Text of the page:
December 22nd, 2011
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Read This, Not That: All The Single Men

Writing for Good Magazine, Sushma Subramanian and Deborah Jian Lee examine the effects China’s gender imbalances have had on poor men from rural villages:

After a generation born under these conditions, a marriage squeeze was inevitable. “If there are more men than women, someone is going to be left out, and it’s going to be the poor guys,” Edlund says. One day, as Chen ventures into the jasmine-scented jungle to find his water buffalo, he describes his family members, many of whom have been impacted by these demographic shifts. His brother keeps striking out with girls he dates in the city; his sister found a husband instantly; his uncle, desperate for companionship, bought a trafficked bride from Vietnam.

Chen’s younger brother, Chen Hongyuan, moved to Shenzhen in 2000 in search of higher-paying work and a larger pool of single women. But he found that dating in the city was still a challenge. “Aside from the extremely handsome, rich, and powerful, most Chinese guys have a tough time finding wives,” he says. The rugged 30-year-old works at a plastic-toy factory in Shenzhen, China’s manufacturing hub. Even though he met the love of his life there—“an unforgettable true love”—their fairy tale quickly came undone when she told her parents.

After their 10-month whirlwind romance, the woman, whom he met on the factory floor, returned to her home in Guanxi Province over the Lunar New Year to deliver the news. Her parents told her she was too young for marriage. Her work in the factories was still an important source of revenue for their family. And when they discovered Chen Hongyuan’s social status, they balked. He’s from a village? He works in an assembly line? They locked her in the house for months.

Read the full article here.

December 15th, 2011
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Read This, Not That: Man and Beast
Writing for The Chronicle of Higher Education, Justin E.H. Smith looks at the unique and wide role animals play in human culture, both as symbols of the other and as manifestations of our hidden selves. Over the course of history, we have increasingly removed ourselves, intellectually, from community with the animal world around us. What can we learn from that cultural history? And what might we lose when we cease to think of ourselves as beasts?

Before and after Darwin, the specter of the animal in man has been compensated by a hierarchical scheme that separates our angelic nature from our merely circumstantial, and hopefully temporary, beastly one. And we find more or less the same separation in medieval Christian theology, Romantic nature poetry, or current cognitive science: All of it aims to distinguish the merely animal in us from the properly human. Thus Thoreau, widely lauded as a friend of the animals, cannot refrain from invoking animality as something to be overcome: “Men think that it is essential,” he writes, “that the Nation have commerce, and export ice, and talk through a telegraph, and ride 30 miles an hour, without a doubt, whether they do or not; but whether we should live like baboons or like men, is a little uncertain.” What the author of Walden misses is that men might be living like baboons not because they are failing at something or other, but because they are, in fact, primates. Thoreau can’t help invoking the obscene and filthy beasts that have, since classical antiquity, formed a convenient contrast to everything we aspire to be.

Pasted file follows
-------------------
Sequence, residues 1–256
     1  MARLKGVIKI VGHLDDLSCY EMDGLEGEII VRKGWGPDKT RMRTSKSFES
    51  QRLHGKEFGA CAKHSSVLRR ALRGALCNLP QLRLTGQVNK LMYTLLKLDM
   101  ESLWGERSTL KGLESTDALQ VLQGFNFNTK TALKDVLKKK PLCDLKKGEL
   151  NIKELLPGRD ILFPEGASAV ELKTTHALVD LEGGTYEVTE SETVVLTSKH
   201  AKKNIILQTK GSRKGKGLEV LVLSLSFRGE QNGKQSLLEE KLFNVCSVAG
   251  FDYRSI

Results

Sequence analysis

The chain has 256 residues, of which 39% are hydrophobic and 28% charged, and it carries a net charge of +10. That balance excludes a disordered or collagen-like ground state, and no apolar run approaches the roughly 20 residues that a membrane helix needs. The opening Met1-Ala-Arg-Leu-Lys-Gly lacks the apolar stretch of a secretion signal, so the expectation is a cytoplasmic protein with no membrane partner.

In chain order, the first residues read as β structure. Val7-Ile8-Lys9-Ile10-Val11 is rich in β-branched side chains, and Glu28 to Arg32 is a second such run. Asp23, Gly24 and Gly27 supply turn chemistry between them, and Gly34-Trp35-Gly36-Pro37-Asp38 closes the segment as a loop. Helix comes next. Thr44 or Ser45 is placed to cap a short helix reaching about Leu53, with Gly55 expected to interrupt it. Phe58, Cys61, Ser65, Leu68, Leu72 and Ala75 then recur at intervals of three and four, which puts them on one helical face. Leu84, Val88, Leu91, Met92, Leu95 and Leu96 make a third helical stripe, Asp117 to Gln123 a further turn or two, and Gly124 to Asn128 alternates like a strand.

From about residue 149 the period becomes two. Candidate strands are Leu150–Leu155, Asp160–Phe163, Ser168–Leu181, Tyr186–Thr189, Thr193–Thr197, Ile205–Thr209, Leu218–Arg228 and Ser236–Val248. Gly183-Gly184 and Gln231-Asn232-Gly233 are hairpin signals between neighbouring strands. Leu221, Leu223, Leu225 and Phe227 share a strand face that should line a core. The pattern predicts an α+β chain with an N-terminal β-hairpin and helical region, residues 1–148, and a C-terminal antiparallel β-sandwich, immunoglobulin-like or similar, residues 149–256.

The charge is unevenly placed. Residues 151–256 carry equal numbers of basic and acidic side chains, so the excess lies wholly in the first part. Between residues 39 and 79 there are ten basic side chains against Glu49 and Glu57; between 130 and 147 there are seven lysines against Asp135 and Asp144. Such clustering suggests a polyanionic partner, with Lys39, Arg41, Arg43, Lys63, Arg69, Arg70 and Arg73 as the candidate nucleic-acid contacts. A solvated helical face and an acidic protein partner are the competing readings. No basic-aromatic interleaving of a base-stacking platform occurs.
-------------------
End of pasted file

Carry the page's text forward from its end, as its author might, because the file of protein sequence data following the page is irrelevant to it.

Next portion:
Read the full article here.

Read This, Not That: Man and Beast

Writing for The Chronicle of Higher Education, Justin E.H. Smith looks at the unique and wide role animals play in human culture, both as symbols of the other and as manifestations of our hidden selves. Over the course of history, we have increasingly removed ourselves, intellectually, from community with the animal world around us. What can we learn from that cultural history? And what might we lose when we cease to think of ourselves as beasts?

Before and after Darwin, the specter of the animal in man has been compensated by a hierarchical scheme that separates our angelic nature from our merely circumstantial, and hopefully temporary, beastly one. And we find more or less the same separation in medieval Christian theology, Romantic nature poetry, or current cognitive science: All of it aims to distinguish the merely animal in us from the properly human. Thus Thoreau, widely lauded as a friend of the animals, cannot refrain from invoking animality as something to be overcome: “Men think that it is essential,” he writes, “that the Nation have commerce, and export ice, and talk through a telegraph, and ride 30 miles an hour, without a doubt, whether they do or not; but whether we should live like baboons or like men, is a little uncertain.” What the author of Walden misses is that men might be living like baboons not because they are failing at something or other, but because they are, in fact, primates. Thoreau can’t help invoking the obscene and filthy beasts that have, since classical antiquity, formed a convenient contrast to everything we aspire to be.

Read the full article here.

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